This is a book review by Joshua Weiss, of the book Mastering the Art of Negotiation by Geurt Jan de Heus.
There are many books on the art of negotiation, but none may be as accessible to the average person than Mastering the Art of Negotiation (MAN) by Geurt Jan de Heus. In MAN, de Heus has woven together some time-tested negotiation principles and concepts into a user friendly, practical, and thoughtful guide for how to negotiate effectively. The book is full of sound advice, creative images (that de Heus made himself), and easy to use frameworks.
De Heus begins the book by making the case that negotiation is more important now than ever due to all the conflicts in the world and the changing business environment.
He uses the terms Volatile, Uncertain, Complex, and Ambiguous (VUCA) to emphasize that point and the need to create value to solve the challenging problems we face. According to de Heus, that must be coupled with an open mindset that leads to positive sum solutions.
De Heus uses a number of concepts to help the reader understand the complex nature of negotiation. Initially he deploys the notion of connecting the dots to show the reader how things are linked. He then explains, through the heart of the book, the 7 dilemmas negotiators have to confront in order to move from beginner to master. All the while, he provides a clear pathway to move from one end of the spectrum to the other in order to become an effective negotiator. Let’s look at each dilemma in more detail.
The first dilemma is the nature of the relationship. In other words, do you see the other negotiator as a foe or friend? If you see them as a foe, you are very limited in your ability to create value and solve difficult problems. If you see them as a friend, you are more likely to engage in problem solving and other necessary tools for successful negotiated outcomes.
The second dilemma centers around information and if you trust or distrust the source of that information. If you distrust the information coming at you in a negotiation that will be very limiting. However, if you can trust your counterpart to a degree you can also find ways of managing problems creatively.
The third dilemma has to do with a negotiator’s style — whether a negotiator takes an open, constructive approach, or deploys a hard, win as much as you can methodology. These approaches are an indicator of one’s mindset and how they see what they are doing at the table.
The fourth dilemma is related to value creation. According to de Heus, a negotiator’s orientation is either that they take a ‘we together’ approach to creating value or deploy a ‘you and I’ attitude, where we each try to create value just for ourselves.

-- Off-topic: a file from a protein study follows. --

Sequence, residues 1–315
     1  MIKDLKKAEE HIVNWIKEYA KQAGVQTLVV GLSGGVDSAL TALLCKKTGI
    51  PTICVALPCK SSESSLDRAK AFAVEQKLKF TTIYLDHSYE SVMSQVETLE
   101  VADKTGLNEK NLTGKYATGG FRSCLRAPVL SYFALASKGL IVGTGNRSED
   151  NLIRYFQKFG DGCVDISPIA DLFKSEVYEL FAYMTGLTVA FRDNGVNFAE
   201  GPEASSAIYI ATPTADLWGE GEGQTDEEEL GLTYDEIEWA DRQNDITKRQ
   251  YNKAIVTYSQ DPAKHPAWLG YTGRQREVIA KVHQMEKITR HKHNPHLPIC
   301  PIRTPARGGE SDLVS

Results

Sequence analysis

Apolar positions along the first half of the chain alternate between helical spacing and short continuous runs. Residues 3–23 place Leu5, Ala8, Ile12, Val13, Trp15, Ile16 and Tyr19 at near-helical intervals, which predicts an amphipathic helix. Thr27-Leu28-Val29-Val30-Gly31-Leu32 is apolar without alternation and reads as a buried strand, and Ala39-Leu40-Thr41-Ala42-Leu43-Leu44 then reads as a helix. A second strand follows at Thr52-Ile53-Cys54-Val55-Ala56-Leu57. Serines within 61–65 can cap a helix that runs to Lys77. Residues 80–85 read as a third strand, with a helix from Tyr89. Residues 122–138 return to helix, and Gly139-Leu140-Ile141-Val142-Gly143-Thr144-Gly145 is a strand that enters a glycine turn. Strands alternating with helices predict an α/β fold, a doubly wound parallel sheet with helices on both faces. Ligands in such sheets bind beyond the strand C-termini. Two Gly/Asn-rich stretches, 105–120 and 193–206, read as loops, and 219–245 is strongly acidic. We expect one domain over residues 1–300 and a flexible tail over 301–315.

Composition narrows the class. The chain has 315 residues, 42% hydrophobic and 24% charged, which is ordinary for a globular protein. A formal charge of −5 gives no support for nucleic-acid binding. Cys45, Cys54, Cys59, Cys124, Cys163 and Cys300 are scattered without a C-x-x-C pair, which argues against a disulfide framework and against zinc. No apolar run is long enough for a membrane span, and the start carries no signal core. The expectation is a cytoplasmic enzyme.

The fifth dilemma is centered on the issue of distribution and whether a negotiator’s orientation is toward fairness for both or solely on oneself. If one is only focused on themselves they are not likely to build a relationship during the process – thereby becoming less successful in the long term. If a negotiator takes a fairness approach they look to distribute the spoils fairly based on what each party values and truly needs.
The sixth dilemma is whether you see your position in negotiation as being interdependent or independent. If the later, you are very likely to view issues as the other negotiator’s problem and seek to maximize your gains without regard for the other negotiator.
Finally, the seventh dilemma has to do with process. As a negotiator, are you working together with me or are we each taking a ‘my way or the highway’ line? The former is what is needed to reach the best solutions.
De Heus takes you step by step on your personal learning journey towards Mastery by digging deeper into some critical dynamics related to negotiation. These include understanding yourself and others, handling biases, managing power, and negotiating across cultural differences. De Heus concludes the book with very practical steps on how to move from a beginner negotiation perspective, into a good negotiator level, and then what it really requires to be a master negotiator. All the while de Heus sprinkles in very practical advice and anecdotes from his experience.
In MAN you will experience how you can cope with VUCA contexts with a clear head, a warm heart, on strong legs, and nimble feet.
The seven guides will help you develop your learning journey so that you are able to prepare, perform, and advance your knowledge and ability substantially.
This book is a wild ride through the core of effective negotiation and will benefit anyone from the novice to the person who is constantly trying to improve in this challenging, but fascinating arena.